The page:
Normalizing Black presence in art

kerry james marshall vignette wishing well 2010
Kerry James Marshall, Vignette (Wishing Well), 2010

This way of reusing, almost mockingly, famous artistic norms is a strategy used by many artists. In particular, those that belong to minority groups use this method in order to challenge us. They invite us to rethink the way in which art history evolved; that is, in such a way as to highlight only white men and women. In 2019, a study showed that, out of the 18 biggest museums in America, 85% of artists exhibited were white and 87% were men. Additionally, African American artists were the least present. They only represented 1.2% of works, despite constituting a quarter of the population in the United States. A few years later, it is unlikely that a drastic change has occurred.

African American artists like Kerry James Marshall are thus often keen to normalize their presence in museums, but also to normalize Black figures in their works. Here, Kerry James Marshall chose Rococo art, a famously cheerful movement, known for its bright colors and its imaginary or utopic atmospheres. In the Rococo reappropriated by the artist, one does not really find this utopic aspect, apart from the pink hearts floating around. The figures in Wishing Well perfectly blend in with the darker surroundings chosen by the artist. We, therefore, find the same themes which clearly indicate the artistic movement chosen by Kerry James Marshall. However, these are slightly modified, in order to harmoniously include its two protagonists and get some distance from traditional western Rococo.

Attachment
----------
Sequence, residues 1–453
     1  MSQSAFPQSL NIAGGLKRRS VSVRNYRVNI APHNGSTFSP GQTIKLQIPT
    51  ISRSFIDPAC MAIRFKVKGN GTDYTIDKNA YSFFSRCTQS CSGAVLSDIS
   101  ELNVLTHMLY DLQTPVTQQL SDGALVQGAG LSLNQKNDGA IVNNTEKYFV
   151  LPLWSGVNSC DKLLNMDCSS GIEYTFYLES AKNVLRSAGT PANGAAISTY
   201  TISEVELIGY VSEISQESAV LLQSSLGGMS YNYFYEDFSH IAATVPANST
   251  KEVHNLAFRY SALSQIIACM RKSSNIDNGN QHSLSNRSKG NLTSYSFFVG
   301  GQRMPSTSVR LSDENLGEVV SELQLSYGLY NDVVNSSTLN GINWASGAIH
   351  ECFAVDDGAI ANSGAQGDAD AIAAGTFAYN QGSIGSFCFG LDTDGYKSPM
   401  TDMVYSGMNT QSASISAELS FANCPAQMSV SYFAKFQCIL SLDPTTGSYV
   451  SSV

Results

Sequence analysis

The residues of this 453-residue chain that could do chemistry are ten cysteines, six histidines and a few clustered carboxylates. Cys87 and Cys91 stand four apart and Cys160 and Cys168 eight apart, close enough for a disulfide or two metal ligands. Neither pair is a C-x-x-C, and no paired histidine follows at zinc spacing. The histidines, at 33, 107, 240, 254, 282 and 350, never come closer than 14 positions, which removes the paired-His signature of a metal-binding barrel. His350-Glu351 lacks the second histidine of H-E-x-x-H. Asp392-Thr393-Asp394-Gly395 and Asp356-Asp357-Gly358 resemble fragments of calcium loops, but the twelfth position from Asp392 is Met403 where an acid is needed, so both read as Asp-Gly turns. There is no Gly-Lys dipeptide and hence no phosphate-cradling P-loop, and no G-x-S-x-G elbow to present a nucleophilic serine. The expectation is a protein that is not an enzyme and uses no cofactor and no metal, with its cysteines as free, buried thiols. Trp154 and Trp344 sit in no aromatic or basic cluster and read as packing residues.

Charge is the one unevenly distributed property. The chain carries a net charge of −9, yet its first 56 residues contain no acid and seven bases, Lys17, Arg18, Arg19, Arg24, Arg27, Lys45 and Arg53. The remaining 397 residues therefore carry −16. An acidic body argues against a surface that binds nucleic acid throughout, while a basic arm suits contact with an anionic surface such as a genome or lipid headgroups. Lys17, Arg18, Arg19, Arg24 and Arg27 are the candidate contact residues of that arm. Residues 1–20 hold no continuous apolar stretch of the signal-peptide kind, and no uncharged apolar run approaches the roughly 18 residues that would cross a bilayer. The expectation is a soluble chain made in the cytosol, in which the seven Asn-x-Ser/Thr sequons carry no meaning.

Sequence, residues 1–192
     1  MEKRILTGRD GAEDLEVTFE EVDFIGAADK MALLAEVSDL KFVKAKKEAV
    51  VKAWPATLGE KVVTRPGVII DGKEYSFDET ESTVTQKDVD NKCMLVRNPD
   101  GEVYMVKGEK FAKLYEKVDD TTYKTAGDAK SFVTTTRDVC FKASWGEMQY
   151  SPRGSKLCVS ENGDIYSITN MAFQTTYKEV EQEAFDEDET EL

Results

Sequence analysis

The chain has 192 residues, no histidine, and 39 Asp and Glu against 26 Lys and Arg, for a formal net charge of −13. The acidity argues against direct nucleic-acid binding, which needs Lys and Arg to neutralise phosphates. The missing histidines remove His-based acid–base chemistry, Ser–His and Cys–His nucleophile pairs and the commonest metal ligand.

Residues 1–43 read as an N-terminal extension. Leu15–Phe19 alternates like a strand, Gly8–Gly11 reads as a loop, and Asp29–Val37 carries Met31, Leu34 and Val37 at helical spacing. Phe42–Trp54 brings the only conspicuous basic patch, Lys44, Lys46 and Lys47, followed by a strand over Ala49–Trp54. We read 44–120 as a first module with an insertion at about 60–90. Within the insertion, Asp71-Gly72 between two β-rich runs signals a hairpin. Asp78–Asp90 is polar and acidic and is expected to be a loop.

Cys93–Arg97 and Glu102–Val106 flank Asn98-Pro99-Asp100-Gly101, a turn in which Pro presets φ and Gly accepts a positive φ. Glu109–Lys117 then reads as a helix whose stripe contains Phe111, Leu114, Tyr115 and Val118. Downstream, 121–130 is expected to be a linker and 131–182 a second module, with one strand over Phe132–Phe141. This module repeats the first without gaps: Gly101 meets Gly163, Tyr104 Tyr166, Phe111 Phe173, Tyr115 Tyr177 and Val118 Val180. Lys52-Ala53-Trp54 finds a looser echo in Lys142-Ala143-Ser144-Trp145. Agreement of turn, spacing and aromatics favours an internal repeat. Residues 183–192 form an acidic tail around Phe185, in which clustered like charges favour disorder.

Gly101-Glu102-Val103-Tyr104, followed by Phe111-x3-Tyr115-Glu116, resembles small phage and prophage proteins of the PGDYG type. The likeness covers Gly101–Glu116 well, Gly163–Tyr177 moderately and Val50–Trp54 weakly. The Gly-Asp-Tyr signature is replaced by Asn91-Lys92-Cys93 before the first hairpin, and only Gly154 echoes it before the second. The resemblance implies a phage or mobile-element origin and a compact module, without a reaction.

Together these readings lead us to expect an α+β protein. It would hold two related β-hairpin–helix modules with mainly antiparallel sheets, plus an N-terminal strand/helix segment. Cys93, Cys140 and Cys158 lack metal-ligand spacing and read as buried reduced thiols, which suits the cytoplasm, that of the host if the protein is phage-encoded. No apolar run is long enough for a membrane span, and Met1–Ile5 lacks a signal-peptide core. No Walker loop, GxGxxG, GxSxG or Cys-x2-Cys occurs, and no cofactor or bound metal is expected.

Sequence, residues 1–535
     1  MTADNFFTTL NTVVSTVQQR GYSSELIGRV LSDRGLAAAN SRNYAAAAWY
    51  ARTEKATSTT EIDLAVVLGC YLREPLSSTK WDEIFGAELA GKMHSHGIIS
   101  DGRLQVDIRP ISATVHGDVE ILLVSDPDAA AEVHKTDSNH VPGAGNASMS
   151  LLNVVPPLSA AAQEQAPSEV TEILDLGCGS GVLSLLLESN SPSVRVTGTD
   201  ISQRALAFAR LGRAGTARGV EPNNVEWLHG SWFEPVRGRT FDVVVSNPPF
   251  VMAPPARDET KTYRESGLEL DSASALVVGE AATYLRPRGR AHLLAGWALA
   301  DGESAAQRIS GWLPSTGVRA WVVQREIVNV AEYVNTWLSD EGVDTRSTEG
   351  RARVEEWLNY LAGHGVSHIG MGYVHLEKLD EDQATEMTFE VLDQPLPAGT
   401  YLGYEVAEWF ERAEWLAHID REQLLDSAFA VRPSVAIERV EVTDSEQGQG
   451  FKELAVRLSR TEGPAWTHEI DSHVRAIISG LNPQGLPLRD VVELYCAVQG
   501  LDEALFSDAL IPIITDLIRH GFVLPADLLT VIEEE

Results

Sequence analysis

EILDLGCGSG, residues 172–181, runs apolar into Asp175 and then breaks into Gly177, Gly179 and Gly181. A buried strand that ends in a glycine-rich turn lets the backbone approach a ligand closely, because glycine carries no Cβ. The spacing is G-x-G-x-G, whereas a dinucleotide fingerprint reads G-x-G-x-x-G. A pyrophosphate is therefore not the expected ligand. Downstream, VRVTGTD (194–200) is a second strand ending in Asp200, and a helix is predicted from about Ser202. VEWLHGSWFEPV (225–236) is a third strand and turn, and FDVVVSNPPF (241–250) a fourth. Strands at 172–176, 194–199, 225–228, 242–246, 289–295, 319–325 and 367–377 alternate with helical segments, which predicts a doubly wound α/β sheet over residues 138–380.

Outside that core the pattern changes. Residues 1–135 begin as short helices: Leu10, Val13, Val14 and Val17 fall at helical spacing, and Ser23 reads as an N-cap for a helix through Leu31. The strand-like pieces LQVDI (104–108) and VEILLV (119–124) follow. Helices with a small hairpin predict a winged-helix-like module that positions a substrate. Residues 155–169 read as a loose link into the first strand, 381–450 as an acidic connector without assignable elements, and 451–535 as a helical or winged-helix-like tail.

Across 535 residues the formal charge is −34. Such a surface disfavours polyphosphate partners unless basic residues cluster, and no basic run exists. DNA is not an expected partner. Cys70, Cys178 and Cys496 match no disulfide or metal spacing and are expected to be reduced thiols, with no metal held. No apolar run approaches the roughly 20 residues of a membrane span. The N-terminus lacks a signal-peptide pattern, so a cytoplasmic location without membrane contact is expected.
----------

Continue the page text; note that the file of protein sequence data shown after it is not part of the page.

Vignettes: A series between political messaging and romantic light-heartedness

kerry james marshall vignette suite 2005 2008
Kerry James Marshall, Vignette Suite, 2005-2008. Credits: Chicago Art Institute